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Sica v. Board of Adjustment of Township of Wall

Decided: March 6, 1991.

DR. ROBERT B. SICA, PLAINTIFF-RESPONDENT,
v.
BOARD OF ADJUSTMENT OF THE TOWNSHIP OF WALL, DEFENDANT-APPELLANT, AND TOWNSHIP OF WALL, MONMOUTH COUNTY, A MUNICIPAL CORPORATION OF NEW JERSEY, TOWNSHIP COMMITTEE OF THE TOWNSHIP OF WALL, AND PLANNING BOARD OF THE TOWNSHIP OF WALL; DEFENDANTS



On appeal from Superior Court of New Jersey, Law Division, Monmouth County.

Michels, Brody and D'annunzio. The opinion of the court was delivered by D'Annunzio, J.A.D.

D'annunzio

The Board of Adjustment of the Township of Wall (Board) denied plaintiff's application for a use variance to construct and operate, in a residential zone, a 40-bed residential facility for the rehabilitation of head trauma victims. In an action in lieu of prerogative writs, the Law Division reversed the Board and granted the variance. The Board appeals from that judgment, and we now reverse.*fn1

Plaintiff subdivided the 5.45 acre lot upon which he proposes to build the facility from a 32 acre tract which he owns. The lot is in the township's R-60 zone in which the permitted uses are farming, single family dwellings, public parks, playgrounds, municipal buildings and facilities and services essential to the operation of the township. Certain conditional uses were permitted when plaintiff filed the variance application. They included home professional offices, places of worship, public, parochial and private schools, golf courses and country clubs.

Prior to May 11, 1988, hospitals and nursing homes had been permitted conditional uses in the R-60 zone. On March 1, 1988,

plaintiff applied for a conditional use permit. On May 11, 1988, the governing body amended the zoning ordinance to eliminate hospitals and nursing homes as permitted conditional uses. Consequently, plaintiff's conditional use application was dismissed and plaintiff was required to seek a use variance.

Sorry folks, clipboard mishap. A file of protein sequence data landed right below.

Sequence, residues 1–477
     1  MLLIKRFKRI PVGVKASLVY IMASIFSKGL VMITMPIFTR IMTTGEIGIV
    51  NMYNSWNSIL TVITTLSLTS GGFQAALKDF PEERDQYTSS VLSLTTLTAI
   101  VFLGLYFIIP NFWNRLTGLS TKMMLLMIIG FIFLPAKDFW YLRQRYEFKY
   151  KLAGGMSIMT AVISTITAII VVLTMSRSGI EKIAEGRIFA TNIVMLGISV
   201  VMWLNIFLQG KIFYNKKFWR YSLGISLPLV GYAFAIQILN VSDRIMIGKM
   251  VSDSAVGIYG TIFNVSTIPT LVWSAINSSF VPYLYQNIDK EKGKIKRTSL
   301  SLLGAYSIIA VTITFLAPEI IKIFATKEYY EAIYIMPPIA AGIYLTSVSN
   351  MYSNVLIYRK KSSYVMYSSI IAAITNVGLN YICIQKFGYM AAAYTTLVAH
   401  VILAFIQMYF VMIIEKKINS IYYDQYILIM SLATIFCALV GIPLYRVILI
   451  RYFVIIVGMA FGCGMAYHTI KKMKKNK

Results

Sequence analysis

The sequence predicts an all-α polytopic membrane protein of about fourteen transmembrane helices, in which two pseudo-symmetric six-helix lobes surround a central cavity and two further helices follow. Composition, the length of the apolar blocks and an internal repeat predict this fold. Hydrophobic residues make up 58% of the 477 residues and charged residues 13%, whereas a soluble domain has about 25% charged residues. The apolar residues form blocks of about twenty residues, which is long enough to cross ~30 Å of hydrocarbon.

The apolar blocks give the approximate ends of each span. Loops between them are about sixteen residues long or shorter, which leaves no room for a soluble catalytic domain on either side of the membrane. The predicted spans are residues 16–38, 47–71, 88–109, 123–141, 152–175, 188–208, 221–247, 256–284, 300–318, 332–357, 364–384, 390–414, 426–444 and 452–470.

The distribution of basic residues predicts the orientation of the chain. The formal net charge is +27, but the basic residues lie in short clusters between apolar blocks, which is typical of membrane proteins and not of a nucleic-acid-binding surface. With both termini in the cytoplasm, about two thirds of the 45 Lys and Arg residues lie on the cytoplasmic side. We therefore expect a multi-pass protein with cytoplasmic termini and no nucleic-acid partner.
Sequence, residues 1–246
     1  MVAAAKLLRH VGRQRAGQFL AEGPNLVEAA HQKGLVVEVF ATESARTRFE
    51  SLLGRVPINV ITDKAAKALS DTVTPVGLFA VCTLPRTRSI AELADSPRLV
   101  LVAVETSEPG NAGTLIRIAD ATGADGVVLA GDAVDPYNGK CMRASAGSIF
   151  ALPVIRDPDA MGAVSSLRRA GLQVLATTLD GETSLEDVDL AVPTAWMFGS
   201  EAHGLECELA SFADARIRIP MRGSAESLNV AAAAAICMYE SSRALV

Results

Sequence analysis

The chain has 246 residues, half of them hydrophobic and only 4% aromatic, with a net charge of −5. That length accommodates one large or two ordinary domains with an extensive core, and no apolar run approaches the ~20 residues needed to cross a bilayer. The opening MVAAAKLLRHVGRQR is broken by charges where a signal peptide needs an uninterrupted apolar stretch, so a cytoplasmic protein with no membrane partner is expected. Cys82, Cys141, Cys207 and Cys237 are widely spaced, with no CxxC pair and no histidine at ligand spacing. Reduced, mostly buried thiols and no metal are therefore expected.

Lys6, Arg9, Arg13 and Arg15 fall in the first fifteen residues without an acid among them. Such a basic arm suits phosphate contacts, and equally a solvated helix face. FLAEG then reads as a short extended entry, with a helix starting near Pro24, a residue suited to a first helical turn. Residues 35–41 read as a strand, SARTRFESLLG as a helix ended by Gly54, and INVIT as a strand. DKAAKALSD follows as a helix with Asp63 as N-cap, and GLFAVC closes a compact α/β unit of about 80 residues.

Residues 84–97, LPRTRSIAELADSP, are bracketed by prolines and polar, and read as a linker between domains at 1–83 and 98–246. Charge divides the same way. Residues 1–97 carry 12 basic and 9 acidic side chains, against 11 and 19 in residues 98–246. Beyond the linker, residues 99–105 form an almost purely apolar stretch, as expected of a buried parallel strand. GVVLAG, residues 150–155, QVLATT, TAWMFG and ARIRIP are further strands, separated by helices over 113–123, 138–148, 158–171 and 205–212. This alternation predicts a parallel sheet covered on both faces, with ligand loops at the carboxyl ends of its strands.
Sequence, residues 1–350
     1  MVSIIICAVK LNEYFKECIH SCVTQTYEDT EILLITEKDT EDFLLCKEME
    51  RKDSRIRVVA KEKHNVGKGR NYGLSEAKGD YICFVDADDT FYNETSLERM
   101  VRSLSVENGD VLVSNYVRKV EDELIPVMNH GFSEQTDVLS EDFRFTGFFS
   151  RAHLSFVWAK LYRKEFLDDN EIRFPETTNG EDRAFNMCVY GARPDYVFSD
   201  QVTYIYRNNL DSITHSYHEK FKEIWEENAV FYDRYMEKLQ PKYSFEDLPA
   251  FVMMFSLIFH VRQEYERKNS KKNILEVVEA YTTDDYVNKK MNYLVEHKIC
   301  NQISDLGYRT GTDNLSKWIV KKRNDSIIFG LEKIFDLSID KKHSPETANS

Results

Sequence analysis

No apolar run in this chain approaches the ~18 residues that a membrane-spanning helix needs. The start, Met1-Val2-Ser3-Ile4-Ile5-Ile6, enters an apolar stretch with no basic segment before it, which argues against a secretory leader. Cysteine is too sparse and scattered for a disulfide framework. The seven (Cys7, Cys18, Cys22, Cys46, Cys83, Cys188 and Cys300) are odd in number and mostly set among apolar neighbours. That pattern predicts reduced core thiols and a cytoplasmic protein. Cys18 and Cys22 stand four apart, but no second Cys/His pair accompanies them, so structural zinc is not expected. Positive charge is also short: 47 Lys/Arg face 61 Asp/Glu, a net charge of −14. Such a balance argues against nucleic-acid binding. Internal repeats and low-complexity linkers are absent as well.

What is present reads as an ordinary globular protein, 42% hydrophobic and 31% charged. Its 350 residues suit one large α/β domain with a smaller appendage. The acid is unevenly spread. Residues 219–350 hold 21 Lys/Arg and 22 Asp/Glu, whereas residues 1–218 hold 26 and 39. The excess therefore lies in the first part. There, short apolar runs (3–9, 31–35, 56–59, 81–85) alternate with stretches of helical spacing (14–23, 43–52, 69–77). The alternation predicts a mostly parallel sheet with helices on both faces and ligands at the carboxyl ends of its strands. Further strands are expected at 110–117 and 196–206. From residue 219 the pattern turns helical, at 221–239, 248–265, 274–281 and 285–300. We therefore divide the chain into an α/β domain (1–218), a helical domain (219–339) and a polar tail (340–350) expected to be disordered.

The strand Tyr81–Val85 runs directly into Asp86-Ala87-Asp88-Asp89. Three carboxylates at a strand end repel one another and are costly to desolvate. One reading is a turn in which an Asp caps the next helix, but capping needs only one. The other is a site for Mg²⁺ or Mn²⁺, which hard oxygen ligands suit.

N.J.S.A. 40:55D-70d. empowers a board of adjustment to grant use variances for "special reasons," the affirmative criteria. In addition, the applicant must establish that the variance "can be granted without substantial detriment to the public good," the first element of the negative criteria, and only if it "will not substantially impair the intent and the purpose of the zone plan and zoning ordinance," the second element of the negative criteria.

In denying the application, the Board focused on the second element of the negative criteria. The Board specifically and expressly relied on Medici v. BPR Co., 107 N.J. 1, 526 A.2d 109 (1987), and concluded that the applicant had not established that the variance would not "substantially impair the intent and the purpose of the zone plan and zoning ordinance." N.J.S.A. 40:55D-70d. Paragraphs 55, 56 and 57 of the Board's resolution state:

55. The Board, pursuant to the dictates of the Medici case, is obligated to determine whether or not the removal of nursing homes and hospitals from residential zones by the amendment to the zoning ordinance was meant to include a prohibition against the type of use proposed by applicant. As noted in Medici, a reconciliation of a nonpermitted use with the zoning ordinance becomes increasingly difficult when the governing body has been made aware of prior applications for the same use variance but has declined to revise the zoning ordinance. In this case, it is not a question of the governing body declining to revise the zoning ordinance, but a question of them taking specific action to amend the zoning ordinance to prohibit a particular use.

56. The Board has already pointed out the testimony of applicant concerning the differences between the proposed use and a nursing home. The Board finds that there are some differences between the proposed use and what is traditionally termed a nursing home, however the Board also finds that it was the intent of the governing body to also preclude the type of use which is the subject matter of this application when it amended the zoning ordinances to preclude hospitals and nursing homes. At the time of the amendment to the zoning ordinance, this application was before the Planning Board, and was considered a permitted use under the general heading of nursing homes.

Therefore, in light of the fact that the proposed amendment to the zoning ordinance had to be sent to the Planning Board for their recommendation and the Planning Board recommended the adoption of this ordinance, and the fact that the Mayor and one other member of the committee sit on the Planning Board, the Board comes to the inescapable conclusion that the governing body intended to ...


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